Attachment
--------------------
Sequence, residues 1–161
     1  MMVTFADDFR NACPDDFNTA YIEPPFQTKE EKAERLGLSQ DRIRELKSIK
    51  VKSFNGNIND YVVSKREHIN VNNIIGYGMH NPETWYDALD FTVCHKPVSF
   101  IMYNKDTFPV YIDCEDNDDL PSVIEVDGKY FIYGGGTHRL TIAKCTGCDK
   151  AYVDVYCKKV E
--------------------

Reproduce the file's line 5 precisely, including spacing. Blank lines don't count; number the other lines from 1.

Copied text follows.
   151  AYVDVYCKKV E